Hundreds of home care services refusing to take hospital patients due to chronic understaffing

Home care providers are refusing to take on hospital patients ready for discharge and those who need help in the community because they do not have enough staff.

More than 200 managers told The Institute of Health and Social Care Management (IHSCM) they have had to turn down requests for care in the last month because of insufficient staffing levels.

Many others are handing back care packages as they struggle to recruit, the PA news agency understands.

One manager said their provider is refusing packages every day and is not adding people to its waiting list until January 2022 at the earliest.

Another said they are refusing between 15 and 20 care packages a week, calling the situation “heartbreaking”.

Home care agencies provide a range of care and support in people’s homes.

This can include for people who need temporary support after being discharged from hospital, older and disabled people who need help to live independently, those who wish to die at home, and to provide respite for family carers.

Joanna Mitchell, director of Your Care, which provides mainly palliative care, said she had to turn down around 30 care packages one morning this week.

She takes referrals from NHS community nurses and hospitals to help people live their final days at home, and said she is aware of one person locally who has been waiting more than six weeks.

The 55-year-old said the Kent-based company has been understaffed for three months, calling the workload “phenomenal”, and she has spent £2,000 on recruitment this month alone but cannot get suitable candidates to interview.

She told PA: “It’s heartbreaking, because families are left to struggle on their own in what’s already a really emotional environment, you know their loved one is dying, and we just can’t get to them quick enough, if at all. It’s really sad.”

Another manager said: “Six months ago we were turning down recruitment inquiries as we didn’t have enough work to offer a contract.

“Now I am turning down packages daily from Clinical Commissioning Group, local authority and private, realistically to at least mid-September, maybe longer if I don’t get any new staff on training in next two weeks. Recruitment is dire.”

The UK Home Care Association (UKHCA) told PA that there is a national shortage of home care, with hospital patients being put into care homes unnecessarily.

Dr Jane Townson (pictured), UKHCA chief executive, said care worker shortages are “the worst that anyone can remember”.

She said demand has risen, but capacity has fallen as a result of staff “leaving in droves”, leaving councils struggling to find care placements and hospitals worried about delayed discharges.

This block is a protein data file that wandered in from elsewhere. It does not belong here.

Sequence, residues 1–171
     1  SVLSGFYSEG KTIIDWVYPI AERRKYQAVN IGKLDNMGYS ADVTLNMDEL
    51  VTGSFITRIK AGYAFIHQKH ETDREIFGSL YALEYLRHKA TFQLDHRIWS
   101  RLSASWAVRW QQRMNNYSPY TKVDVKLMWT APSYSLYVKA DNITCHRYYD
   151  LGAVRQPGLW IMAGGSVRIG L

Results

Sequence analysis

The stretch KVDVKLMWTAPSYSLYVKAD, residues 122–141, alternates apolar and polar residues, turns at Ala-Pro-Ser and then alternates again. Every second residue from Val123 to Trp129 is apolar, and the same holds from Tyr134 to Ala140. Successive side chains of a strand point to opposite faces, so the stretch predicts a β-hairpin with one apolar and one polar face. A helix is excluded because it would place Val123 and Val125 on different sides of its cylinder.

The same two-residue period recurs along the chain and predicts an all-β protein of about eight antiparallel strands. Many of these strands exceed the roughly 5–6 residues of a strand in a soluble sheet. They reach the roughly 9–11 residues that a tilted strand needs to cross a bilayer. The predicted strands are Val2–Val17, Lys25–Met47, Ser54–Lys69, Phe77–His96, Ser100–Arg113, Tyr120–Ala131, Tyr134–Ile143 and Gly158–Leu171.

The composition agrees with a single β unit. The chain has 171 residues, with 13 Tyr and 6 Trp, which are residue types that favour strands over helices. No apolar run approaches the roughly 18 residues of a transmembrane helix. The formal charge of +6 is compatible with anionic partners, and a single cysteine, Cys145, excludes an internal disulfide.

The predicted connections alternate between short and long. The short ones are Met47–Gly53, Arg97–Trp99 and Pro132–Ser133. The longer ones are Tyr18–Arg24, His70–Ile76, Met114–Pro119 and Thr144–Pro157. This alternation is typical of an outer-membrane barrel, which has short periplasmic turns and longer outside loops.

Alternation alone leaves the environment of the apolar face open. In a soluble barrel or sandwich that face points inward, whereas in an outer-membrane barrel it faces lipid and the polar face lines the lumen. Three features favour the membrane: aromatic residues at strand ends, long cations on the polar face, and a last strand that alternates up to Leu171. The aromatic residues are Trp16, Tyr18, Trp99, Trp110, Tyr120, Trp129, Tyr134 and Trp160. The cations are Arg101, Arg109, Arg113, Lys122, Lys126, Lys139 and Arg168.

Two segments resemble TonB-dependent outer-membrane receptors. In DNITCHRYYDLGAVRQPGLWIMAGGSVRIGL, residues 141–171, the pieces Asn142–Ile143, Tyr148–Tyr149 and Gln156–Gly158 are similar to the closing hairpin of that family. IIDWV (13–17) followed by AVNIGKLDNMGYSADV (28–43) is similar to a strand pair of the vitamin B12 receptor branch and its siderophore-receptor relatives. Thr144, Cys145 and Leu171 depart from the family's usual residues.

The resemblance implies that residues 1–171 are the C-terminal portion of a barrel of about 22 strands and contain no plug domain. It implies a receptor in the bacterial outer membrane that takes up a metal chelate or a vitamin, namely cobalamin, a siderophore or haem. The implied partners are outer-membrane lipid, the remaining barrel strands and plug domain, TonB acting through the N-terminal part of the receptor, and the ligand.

She said: “I think providers and care workers feel forgotten, as though they’re just dispensable, and that they don’t really matter.

“But I can tell you, it’s really going to matter, because what’s going to happen?

“We’ve got one of the lowest numbers of beds per population of any country in Europe, does the Government think that the NHS is going to look after all of these older people at home, that should be at home but can’t be because there’s no support, are they going to put them all up in NHS hospitals, is that what’s going to happen?

“And then that means that loads of people that need surgery and other things won’t be able to get a bed.”

The Outstanding Manager Network, which represents about 5,700 managers of UK social care services, has told the care regulator that pressure on staff is “now untenable”.

Its letter to the Care Quality Commission reads: “Many care managers are experiencing extreme anxiety about inspection and monitoring, and many don’t feel they can be honest about staffing levels as they fear recriminations instead of support.”

A Government consultation on extending the mandatory coronavirus vaccination requirement to more social care and healthcare workers is expected shortly.

The Government said in June that care home staff must be vaccinated against Covid-19 if they are to continue working from November 11.

Providers have warned that the requirement is worsening an existing workforce crisis.

Dr Townson said: “We don’t believe that compelling care workers to be vaccinated is going to encourage them to be vaccinated.

“All it will do is cause probably about 20% of them to leave, either to resign or to be dismissed, and the dismissals will all happen pretty much at the same time as well.

“And so our worry is that, right now, the care worker shortages are the worst that anyone can remember, and we’re then going to add on top of that a further loss to the sector of people that, for whatever reason at the moment, don’t want to be vaccinated.”

Warning of the impact on BBC Woman’s Hour earlier this week, she said that this could leave people “without being able to get out of bed, without being able to have clean clothes, without having food”.

Rachel Harrison, GMB national officer, said the Government must stop “kicking care plans into the long grass”, adding: “It’s no wonder care providers are chronically understaffed.

“This is a direct result of the appalling pay and conditions – often including zero hours contracts – our dedicated care workers are forced to endure.”

A Department of Health and Social Care spokesman said: “We appreciate the hard work and dedication of the social care workforce, providers and local authorities who are working together to deliver good quality adult social care throughout the Covid-19 pandemic, and beyond.

“We are working with local authorities and providers to ensure we have the right number of staff with the skills to deliver high quality care to meet increasing demands.

“This includes running regular national recruitment campaigns and providing councils with access to over £1 billion of additional funding for social care in 2021-22.”

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